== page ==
The pro-carer culture supporting EY employees

EY’s flexible focus was one of the main reasons why HR leader Cherylan Martindale was attracted to the company. As a mother of two young children, she knew that being empowered to work flexibly would be good for her work life balance – and it was. But when her father was diagnosed with Alzheimer’s, this flexibility became all the more critical.

“When you’re supporting your parents through something like Alzheimer’s, there’s just so much to consider. On a practical level, I had to juggle hospital appointments, memory clinics, solicitors, phone calls and so on. But I also had to support my mum emotionally, as she adjusted to a new and very different reality.”

Cherlyan Martindale“Being upfront about my situation made all the difference”

While initially Cherylan was able to manage by using up some of her holiday, and working into the evenings to catch up on lost time, she soon realised that being a ‘hidden carer’ wasn’t sustainable. So instead of struggling on, she spoke to her manager about it. And the response was just what she needed.

“My manager was super empathetic. She simply asked what I needed to make my situation manageable, and made it clear that she trusted me to make the right choices in relation to how, when and where I worked, in order to manage my family responsibilities. She knew I would make sure that the critical things got done.”

“The culture here makes it easy to be open about what you need”

Cherylan believes that EY’s supportive culture is a critical factor in helping carers balance their work and family lives. “EY is known for having a really flexible ethos, and we are all encouraged to focus on our outputs and work in a way that delivers exceptional service to our clients, whilst maintaining our own well-being. But there’s so much more to it than that. There is a real sense here that you can be open about your situation, whatever it might be, and that you will be supported to find a way through any challenges you face.”

And that support comes from all directions, not just from senior managers, as Cherylan has found. “The team I lead have completely rallied round and supported me. For example, when I’ve had to spend an afternoon in the hospital with my dad, they have rolled their sleeves up, picked up and led a number of priorities, and updated me on my return.”

“Our Carers Network will offer extra advice and support”

One way in which EY encourages this kind of openness is through employee-led networks, which bring people with similar situations or interests together to learn from and support each other. EY’s recently launched Carers Network will be running a series of webinars that will share knowledge and advice about dementia. Plans for future sessions include practical advice on things like how to discuss creating a Lasting Power of Attorney with elderly relatives, and how to recognise early warning signs.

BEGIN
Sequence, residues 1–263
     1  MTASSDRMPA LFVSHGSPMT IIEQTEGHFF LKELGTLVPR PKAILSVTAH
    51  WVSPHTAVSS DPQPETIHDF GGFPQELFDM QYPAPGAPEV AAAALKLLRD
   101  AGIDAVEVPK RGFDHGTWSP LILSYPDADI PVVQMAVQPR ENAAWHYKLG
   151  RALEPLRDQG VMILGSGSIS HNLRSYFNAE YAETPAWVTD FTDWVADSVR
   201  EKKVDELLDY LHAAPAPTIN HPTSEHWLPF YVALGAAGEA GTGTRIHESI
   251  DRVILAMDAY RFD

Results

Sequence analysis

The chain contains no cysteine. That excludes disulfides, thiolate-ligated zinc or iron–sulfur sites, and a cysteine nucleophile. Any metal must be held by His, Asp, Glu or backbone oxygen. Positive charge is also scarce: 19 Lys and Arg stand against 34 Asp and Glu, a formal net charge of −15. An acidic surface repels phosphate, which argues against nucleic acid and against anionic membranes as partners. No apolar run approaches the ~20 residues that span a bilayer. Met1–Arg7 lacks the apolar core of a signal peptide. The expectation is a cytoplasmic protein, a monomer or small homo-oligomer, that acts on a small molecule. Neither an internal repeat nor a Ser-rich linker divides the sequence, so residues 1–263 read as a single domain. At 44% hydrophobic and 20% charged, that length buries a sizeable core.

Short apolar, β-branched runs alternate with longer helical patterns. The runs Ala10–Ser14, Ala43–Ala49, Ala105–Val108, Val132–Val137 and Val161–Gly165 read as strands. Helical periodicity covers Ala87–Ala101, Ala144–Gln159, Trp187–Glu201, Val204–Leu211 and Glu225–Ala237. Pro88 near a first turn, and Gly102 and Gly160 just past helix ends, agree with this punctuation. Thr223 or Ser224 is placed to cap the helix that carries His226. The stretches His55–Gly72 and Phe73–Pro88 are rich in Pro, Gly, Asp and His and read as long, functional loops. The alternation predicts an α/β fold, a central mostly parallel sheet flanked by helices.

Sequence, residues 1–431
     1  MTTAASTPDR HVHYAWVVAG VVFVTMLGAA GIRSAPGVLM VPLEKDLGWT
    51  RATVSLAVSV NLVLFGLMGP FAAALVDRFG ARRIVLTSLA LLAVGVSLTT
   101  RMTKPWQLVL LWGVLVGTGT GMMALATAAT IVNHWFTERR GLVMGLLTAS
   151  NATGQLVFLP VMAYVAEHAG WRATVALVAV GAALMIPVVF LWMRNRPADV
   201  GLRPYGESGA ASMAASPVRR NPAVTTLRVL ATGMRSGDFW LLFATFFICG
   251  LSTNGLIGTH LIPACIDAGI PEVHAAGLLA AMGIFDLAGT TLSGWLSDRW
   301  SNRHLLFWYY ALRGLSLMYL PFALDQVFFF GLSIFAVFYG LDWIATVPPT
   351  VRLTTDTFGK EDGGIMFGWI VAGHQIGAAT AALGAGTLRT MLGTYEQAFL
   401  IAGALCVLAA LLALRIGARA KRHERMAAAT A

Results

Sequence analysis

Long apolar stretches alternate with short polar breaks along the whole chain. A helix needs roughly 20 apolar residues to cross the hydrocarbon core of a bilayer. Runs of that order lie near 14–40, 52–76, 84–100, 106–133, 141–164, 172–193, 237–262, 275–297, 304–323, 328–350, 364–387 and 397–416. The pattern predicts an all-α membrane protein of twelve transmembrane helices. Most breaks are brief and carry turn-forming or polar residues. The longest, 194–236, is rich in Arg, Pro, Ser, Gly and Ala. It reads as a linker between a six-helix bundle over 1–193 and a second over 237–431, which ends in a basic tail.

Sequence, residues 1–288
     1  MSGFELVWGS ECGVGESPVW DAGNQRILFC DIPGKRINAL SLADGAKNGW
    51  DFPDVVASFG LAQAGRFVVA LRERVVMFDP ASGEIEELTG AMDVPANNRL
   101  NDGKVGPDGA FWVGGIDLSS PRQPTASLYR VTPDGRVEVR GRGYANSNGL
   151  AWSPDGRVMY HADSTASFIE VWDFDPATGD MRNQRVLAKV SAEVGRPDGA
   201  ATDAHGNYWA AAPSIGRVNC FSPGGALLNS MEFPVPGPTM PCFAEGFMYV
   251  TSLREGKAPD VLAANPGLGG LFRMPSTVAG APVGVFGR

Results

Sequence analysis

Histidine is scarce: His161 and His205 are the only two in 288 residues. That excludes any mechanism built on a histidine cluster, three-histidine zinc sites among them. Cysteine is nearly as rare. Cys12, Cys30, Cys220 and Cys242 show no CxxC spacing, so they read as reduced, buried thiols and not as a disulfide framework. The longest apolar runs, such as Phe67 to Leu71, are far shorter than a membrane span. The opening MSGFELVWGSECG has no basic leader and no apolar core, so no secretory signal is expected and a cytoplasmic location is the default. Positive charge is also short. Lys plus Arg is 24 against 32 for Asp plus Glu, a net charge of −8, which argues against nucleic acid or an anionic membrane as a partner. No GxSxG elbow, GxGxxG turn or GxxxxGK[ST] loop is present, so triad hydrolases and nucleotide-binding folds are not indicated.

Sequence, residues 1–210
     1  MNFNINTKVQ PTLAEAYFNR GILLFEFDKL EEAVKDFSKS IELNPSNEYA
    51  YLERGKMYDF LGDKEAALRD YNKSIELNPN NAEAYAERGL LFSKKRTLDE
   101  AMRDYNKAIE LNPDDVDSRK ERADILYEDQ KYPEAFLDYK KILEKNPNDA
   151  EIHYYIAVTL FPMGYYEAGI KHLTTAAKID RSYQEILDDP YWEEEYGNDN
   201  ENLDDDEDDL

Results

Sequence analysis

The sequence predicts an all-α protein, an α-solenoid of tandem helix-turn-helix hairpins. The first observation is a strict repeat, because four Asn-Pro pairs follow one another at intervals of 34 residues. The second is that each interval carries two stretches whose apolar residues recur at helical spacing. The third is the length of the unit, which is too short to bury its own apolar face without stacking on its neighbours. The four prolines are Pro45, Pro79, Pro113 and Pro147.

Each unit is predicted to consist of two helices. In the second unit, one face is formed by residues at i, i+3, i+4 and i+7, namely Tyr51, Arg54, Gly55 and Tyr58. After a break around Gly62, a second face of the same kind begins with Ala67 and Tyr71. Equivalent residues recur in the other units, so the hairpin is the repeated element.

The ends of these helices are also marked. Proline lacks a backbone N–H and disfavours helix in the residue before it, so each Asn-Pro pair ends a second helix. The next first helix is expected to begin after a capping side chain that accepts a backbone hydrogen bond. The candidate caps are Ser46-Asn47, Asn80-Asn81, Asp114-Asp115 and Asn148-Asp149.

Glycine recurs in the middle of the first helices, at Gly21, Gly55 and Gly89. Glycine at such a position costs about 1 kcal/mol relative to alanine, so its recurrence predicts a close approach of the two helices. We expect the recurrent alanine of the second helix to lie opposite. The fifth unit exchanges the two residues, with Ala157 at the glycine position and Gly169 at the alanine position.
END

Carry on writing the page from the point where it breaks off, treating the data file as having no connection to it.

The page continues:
“Choose your employer carefully and be honest from day one”

Cherylan is keen to act as a role model, by talking candidly about her situation so that others feel able to do the same. And she believes that, for job-hunters, this openness is absolutely critical.

“If you’re a carer who’s looking to move jobs or get back into work, it’s vital that you identify how supportive a potential employer might be. Explore their website, looking at what they say about important topics such as inclusivity and flexibility. Try to find out what networks they offer for employees; talk to anyone you know who works, or has worked, there.

“And before accepting a job offer, be honest about your situation. If you don’t, you’re likely to struggle to balance your work and home lives, and you could end up feeling like you are doing neither well. That could have a huge impact on your mental health, as well as your physical ability to cope.”

For carers who are looking after elderly relatives, this advice is particularly pertinent, Cherylan feels. “The fact is, if you’re dealing with something like dementia, you never know what’s round the corner. Accidents happen, and the situation is only likely to get worse. When my dad’s condition seriously deteriorated, we were in crisis mode for a while. I was having to spend whole days at the hospital with him and my mum, and flex my work around it.

“If I’d been working elsewhere at that point, I’d have probably ended up resigning. My mum and dad have been there for me all my life, so I wanted to do the same for them. But EY were just phenomenal and have made it possible for me to stay and succeed. The support I have received from everyone here has been second to none.”

This article has been written in association with EY, one of our Timewise Partners

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